The Bruins are going to make sportswriters’/bloggers’ jobs much easier if they continue this trend. We can just re-use the same game story, change the date, and call it a night.
Said story goes a little something like this: The Bruins come out and play a hard-fought first period. Skating legs are there, scoring chances generated, maybe one gets buried, defense is alright, goaltending solid. All good.
They play the same way for the opening minutes of the second period, and it appears as if they might do the unspeakable and put together a complete effort. But then their legs slow down, and puck management vanishes. Bad decisions left and right, mistakes in their own zone, you name it. All momentum swings in their opponent’s favor, and the B’s look like a peewee team heading into the locker room.
After realizing how bad they played in the second, the boys come out fired up in the third. They score a goal. They score another one. They’re up two goals in the third period, and don’t appear to be slowing down, much to the delight of the fans. They’ve blown two-goal leads in the past, but it’s not going to happen this ti-WHOOPS there it goes.
Once the lead is blown and the game is tied, they sometimes hang on and head to OT, hoping to get the lucky bounce that secures the second point in the standings. Tonight, they did not get that bounce.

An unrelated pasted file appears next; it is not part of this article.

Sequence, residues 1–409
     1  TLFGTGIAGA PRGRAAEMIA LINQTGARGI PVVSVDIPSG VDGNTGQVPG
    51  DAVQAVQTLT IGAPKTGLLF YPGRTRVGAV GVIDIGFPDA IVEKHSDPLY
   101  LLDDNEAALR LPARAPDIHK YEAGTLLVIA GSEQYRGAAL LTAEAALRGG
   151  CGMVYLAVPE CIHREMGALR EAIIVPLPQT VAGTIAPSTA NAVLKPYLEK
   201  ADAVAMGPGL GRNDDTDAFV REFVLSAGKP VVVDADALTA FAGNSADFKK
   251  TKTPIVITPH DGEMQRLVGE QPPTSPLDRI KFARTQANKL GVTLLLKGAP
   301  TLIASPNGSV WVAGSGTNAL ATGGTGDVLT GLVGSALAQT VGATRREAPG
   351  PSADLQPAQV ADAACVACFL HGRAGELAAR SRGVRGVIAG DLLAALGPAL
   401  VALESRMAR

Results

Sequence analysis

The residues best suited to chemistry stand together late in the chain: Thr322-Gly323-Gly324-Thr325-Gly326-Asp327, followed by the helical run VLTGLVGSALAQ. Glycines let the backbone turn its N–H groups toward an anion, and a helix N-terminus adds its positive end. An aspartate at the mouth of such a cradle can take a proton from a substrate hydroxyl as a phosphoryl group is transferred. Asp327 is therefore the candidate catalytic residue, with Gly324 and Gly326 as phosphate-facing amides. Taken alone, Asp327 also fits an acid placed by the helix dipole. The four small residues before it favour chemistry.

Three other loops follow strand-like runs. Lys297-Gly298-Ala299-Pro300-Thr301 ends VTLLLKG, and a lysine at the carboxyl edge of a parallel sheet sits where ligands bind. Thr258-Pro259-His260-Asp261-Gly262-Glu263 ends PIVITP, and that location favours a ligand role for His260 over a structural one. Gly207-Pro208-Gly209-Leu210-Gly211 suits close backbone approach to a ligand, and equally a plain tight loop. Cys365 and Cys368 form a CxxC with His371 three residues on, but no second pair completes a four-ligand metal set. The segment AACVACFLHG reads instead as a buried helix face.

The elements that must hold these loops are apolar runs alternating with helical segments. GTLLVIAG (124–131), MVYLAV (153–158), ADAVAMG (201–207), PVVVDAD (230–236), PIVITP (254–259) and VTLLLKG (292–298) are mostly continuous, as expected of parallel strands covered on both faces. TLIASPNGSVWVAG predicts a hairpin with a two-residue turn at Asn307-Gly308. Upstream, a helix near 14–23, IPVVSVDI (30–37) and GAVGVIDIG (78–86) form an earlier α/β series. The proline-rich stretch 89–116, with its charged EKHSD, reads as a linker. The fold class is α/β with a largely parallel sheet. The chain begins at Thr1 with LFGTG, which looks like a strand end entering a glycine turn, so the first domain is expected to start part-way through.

While on the power play, Toronto’s PA Parenteau found a rebound to the side of the net, and threw a backhander off Rask and in, giving the Bruins what they deserved: a loss.
In the opening minute of the third period with the game tied 1-1, Brad Marchand tapped in a great feed from David Krejci to put Boston on top.
Just 26 seconds later, Krejci crashed the net and cleaned up the garbage. BA-BAM it’s 3-1.
That was fun while it lasted.
For the fourth time this season, the Bruins failed to win after leading in the third period. That ties them with LA for the most in the league.
All three of the Leafs’ goals in regulation came off of deflections, as guys continue to find themselves open in front of Rask.
The Leafs entered this game having been 1-7-2 in their last ten games. They were tied for last in the league, and they will stay right around there.
Blowing a two-goal third period lead to this team is flat out unacceptable, especially when they don’t even have their best forward in James van Riemsdyk.
[Photo via bruins.nhl.com]